Homemade Jam from scratch
Making jam at home requires pectin to jell the jam. Pectin works in combination with an acid, sugar and heat to jell the jam or jelly. I used to purchase Certo, a commercial pectin powder for home jamming. Certo largest ingredient is sugar, then fumaric acid. Its least ingredient is pectin.
Fumaric acid is a synthesized chemical. One process is to synthesize it from corn — GM corn. I prefer to avoid this in my family’s diet. Is there an organic alternative to Certo and other commercial pectins? Of course.
Before the industrialization for our food, brilliant housewives made jams and jellies using the naturally occurring pectin found in fruit. Apples are rich in pectins, but so are many fruits including blueberries.
One way to take advantage of the pectins of apples when making jam is to take 4 cooking apples*(different than eating apples — usually more tart) Peel, core and chop finely. Add the apples to 8 cups of fruit in the pan, when making jam.
Making Pectin Stock from Cooking Apples
Or you can easily make pectin stock and can it for future jam making when the crab apples are available in early summer. Then you’ll have pectin stock for jam making for the rest of the summer. Dolgo Crab apples are larger crab apples that are ready in July and good for pectin and apple jelly.
The flesh, skin and seeds of cooking apples and crab apples contain large amounts of pectin, which can be extracted and used to set jams and jellies made with low-pectin fruits. Make large quantities of the stock, when apples are at their peak.
1/2 cup of pectin will set 4 cups of fruit or juice — same as 1 pkg of Certo. Pectin will keep for 2 years when canned.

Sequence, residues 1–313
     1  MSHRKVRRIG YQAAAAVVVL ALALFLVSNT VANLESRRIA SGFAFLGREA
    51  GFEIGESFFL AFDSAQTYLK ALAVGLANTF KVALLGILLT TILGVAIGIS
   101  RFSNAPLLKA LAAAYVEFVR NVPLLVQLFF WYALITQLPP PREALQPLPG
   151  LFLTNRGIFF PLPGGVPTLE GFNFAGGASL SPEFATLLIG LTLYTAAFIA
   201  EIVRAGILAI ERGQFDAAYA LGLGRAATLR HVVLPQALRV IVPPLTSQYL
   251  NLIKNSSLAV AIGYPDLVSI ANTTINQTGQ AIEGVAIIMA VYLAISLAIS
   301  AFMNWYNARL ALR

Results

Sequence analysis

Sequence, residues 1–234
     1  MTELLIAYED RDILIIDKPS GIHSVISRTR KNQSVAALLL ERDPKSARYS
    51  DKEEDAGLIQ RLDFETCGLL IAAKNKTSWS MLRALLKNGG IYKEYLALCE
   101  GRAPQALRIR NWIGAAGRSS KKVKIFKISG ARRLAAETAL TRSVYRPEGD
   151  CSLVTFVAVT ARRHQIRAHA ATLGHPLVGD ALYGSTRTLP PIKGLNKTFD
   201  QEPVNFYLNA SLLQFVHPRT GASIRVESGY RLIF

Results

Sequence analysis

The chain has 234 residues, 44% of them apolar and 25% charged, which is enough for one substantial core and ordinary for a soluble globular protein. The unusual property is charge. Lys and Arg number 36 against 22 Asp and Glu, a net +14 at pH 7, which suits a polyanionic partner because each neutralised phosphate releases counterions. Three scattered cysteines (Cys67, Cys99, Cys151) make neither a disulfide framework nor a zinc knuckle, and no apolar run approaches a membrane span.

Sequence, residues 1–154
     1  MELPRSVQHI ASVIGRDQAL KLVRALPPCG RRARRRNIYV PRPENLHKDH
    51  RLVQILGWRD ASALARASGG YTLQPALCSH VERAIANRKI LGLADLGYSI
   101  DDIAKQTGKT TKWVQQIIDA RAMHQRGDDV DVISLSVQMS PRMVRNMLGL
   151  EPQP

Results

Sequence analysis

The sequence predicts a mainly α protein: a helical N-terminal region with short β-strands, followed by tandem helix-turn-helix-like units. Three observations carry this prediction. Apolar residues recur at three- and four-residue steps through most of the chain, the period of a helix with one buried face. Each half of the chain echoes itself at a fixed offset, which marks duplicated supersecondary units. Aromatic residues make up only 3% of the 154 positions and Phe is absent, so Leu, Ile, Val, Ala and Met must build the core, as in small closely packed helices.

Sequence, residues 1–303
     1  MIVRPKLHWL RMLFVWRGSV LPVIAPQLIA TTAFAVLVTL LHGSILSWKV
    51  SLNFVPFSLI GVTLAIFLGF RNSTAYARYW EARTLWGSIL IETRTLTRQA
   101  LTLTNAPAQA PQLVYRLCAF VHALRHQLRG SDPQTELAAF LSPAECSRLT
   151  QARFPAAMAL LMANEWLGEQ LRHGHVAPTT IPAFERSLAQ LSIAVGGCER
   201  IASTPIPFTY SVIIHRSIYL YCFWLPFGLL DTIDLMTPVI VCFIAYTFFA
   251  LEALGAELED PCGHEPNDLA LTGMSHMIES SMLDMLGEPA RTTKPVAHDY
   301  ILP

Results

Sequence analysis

Recipe: Homemade Pectin
12 lbs of cooking apples* or crab apples or a mixture
Scrub apples, discard leaves, and stems. Coarsely chop, including skin and seeds. Put apples in a large preserving pan with 3 litres of water. The apples should be barely covered by the water. Bring to a boil over medium heat and simmer for 20 to 30 minutes, until apples are softened.
Strain the contents of the pan through a cheese cloth or jelly bag. Set over a large bowl and let it drain for 24 hours. Do not squeeze the bag.
Transfer the strained liquid back to a preserving pan and boil over high heat until it is reduced by half or a large clot is formed when the pectin level is tested.*
Ladle the stock into 250ml jars. Seal jars in a boiling water bath for 5 min. Makes 2 1/2 litres. — enough for 10 batches of jam.
Using homemade pectin stock:
Basic Jam Recipe
10 cups of fruit or juice
8 cups of sugar
1 cup of pectin stock
1/4 cup. lemon juice (or substitute 1/4 under ripe fruit)
Bring mixture to a boil, and boil 15 min, or until mixture reaches the jelling point*.
*Commonly available cooking apples include Macintosh, Gravenstein, Granny Smith, Northern Spy, Winesap, Jonathon, Gala. There are many more. Under ripe eating apples also work well.
*Testing the jelling point of jam or jelly:
Jams and jellies normally jell at 220F. Generally the thickness of the mixture indicates jelling point. To test, chill a ceramic or glass bowl. Spoon 1 tsp of mixture onto chilled bowl. Chill for a few minutes. The jellying point has been reached if the mixture is firm enough to remain divided when a finger is pushed through the centre. If mixture is not set, continue cooking a little longer.
Have you made jams or jellies without commercial pectin? How did you do it? Share your success with our readers.
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Some resources to help you with your jam making:
Wild Jams and Jellies: Delicious Recipes Using 75 Wild Edibles
Sensational Preserves: 250 Recipes for Jams, Jellies, Chutneys and Sauces and How
Fruits of the Earth: 100 Recipes for Jams, Jellies, Pickles, and Preserves (Green Home)
Preserving And Pickling – Two Hundred Recipes For Preserves, Jellies, Jams, Marmalades, Pickles, Relishes, And Other Good Things
Norpro 2478367600456 7-Piece Home Canning Set
Norpro Stainless Steel Wide-Mouth Funnel